i am not a poetry aficionado by any means. i like poetry that makes me feel something. i am reading for that connection, that unspoken way i feel about something that only the poet knew how to say. after reading milk and honey i needed more poetry. i bought some. this is the result.
(top to bottom):
milk and honey by rupi kaur
milk and honey is a collection of poetry and prose about survival. It is about the experience of violence, abuse, love, loss, and femininity. It is split into four chapters, and each chapter serves a different purpose, deals with a different pain, heals a different heartache. milk and honey takes readers through a journey of the most bitter moments in life and finds sweetness in them because there is sweetness everywhere if you are just willing to look. (Goodreads)
Mouthful of Forevers by Clementine Von Radics
Titled after the poem that burned up on Tumblr and has inspired wedding vows, paintings, songs, YouTube videos, and even tattoos among its fans, Mouthful of Forevers brings the first substantial collection of this gifted young poet’s work to the public.
Clementine von Radics writes of love, loss, and the uncertainties and beauties of life with a ravishing poetic voice and piercing bravura that speak directly not only to the sensibility of her generation, but to anyone who has ever been young. (Goodreads)
The Chaos of Longing by K. Y. Robinson
The Chaos of Longing is a prose and poetry collection draped in raw honesty, ache, and eroticism. The collection explores trauma, love, heartbreak, and the realizations from it all.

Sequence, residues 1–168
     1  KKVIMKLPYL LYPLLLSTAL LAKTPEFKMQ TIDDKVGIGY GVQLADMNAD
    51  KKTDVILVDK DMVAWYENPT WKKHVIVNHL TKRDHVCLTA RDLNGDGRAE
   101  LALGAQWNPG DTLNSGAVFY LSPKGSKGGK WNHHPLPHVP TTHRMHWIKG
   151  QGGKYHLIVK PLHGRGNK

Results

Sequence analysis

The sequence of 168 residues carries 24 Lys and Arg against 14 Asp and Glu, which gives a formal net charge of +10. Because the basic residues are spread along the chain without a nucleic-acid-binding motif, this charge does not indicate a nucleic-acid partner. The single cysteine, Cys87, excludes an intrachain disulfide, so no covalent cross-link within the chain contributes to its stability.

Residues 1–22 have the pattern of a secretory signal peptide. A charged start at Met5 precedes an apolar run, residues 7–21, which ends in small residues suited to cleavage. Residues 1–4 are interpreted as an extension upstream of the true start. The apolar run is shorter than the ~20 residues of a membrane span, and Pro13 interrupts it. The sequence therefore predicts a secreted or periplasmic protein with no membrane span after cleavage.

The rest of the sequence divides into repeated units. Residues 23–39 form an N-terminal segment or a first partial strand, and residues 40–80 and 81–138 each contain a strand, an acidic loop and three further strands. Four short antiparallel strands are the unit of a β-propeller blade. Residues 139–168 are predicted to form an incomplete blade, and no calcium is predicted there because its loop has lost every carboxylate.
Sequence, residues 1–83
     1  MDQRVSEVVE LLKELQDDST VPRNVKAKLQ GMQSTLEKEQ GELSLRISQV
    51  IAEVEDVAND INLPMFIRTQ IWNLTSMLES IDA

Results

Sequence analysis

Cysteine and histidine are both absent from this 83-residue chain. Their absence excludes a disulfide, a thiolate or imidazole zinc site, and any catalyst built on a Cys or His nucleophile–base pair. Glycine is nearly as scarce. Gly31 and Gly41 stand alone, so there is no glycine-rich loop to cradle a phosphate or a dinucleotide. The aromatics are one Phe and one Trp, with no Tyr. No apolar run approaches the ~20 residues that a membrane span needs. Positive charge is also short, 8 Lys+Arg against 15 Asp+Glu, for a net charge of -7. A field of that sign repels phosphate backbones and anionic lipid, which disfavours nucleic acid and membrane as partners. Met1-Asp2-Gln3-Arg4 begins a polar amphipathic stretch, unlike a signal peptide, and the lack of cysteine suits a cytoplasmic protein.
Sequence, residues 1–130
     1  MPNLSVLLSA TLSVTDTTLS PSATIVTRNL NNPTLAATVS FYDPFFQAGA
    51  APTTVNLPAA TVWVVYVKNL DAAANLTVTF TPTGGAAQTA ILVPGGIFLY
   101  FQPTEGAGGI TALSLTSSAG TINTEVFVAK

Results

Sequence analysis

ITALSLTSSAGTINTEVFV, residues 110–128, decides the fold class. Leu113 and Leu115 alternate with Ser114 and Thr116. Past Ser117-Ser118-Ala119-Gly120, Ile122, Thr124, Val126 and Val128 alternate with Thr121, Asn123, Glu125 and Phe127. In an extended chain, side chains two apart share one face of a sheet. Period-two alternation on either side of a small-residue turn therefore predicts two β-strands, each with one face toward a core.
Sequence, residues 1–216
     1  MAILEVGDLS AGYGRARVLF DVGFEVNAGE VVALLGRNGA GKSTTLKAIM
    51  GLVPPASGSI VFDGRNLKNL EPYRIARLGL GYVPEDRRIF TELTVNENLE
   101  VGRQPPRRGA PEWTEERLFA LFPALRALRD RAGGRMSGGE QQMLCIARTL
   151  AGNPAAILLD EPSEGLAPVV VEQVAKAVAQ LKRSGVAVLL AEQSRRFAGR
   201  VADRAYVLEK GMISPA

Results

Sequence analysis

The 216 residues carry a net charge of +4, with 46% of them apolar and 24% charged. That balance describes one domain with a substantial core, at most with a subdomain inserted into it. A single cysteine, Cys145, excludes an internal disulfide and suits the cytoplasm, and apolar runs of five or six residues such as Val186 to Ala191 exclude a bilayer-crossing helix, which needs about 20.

The book is divided into four sections. “Inception” briefly examines formative years and its effects on how one loves. “Longing” reflects on love and sexuality. “Chaos” explores toxic relationships, unrequited love, and heartache. After chaos, there is order with self-love and healing poems in “epiphany”.
Some content may be triggering. (Goodreads)
, Said the Shotgun to the Head by Saul Williams
The greatest Americans
Have not been born yet
They are waiting quietly
For their past to die
please give blood
Here is the account of a man so ravished by a kiss that it distorts his highest and lowest frequencies of understanding into an Incongruent mean of babble and brilliance… (Goodreads)
How to be Alone by Tanya Davis
A charming and deeply poignant illustrated poem based on the popular viral Internet video that has captured the hearts of millions worldwide
If you are, at first, lonely be patient. If you’ve not been alone much or if, when you were, you weren’t okay with it then just wait…
Since its debut on YouTube, Tanya Davis’s beautiful and perceptive poem, How to Be Alone, visually realized by artist and filmmaker Andrea Dorfman, has become an international sensation. Her wise and perceptive words, vivid in their evocation of solitude’s beauty and calm, have touched millions. Now her poem’s deep eloquence and compelling illustrations have been adapted for the page in this beautiful, meditative volume, a keepsake to treasure and to share.
From a solitary walk in the woods to sitting unaccompanied on a city park bench to eating a meal and even dancing alone, Tanya reveals the possibilities and joys waiting to be discovered when we engage in activities on our own. As she soothes the disquietude that accompanies the fear of aloneness, and celebrates the power of solitude to change how we see ourselves and the world, Tanya reavels how, removed from the noise and distractions of other lives, we can find acceptance and grace within.
For those who have never been by themselves and those who feel lost or lonely on their own, this moving work encourages us to recognize and embrace the possibilities of being alone-and reminds us of a universe of joy, peace, and discovery waiting to unfold. (Goodreads)
Honeybee by Naomi Shihab Nye
Honey. Beeswax. Pollinate. Hive. Colony. Work. Dance. Communicate. Industrious. Buzz. Sting. Cooperate.
Where would we be without them? Where would we be without one another?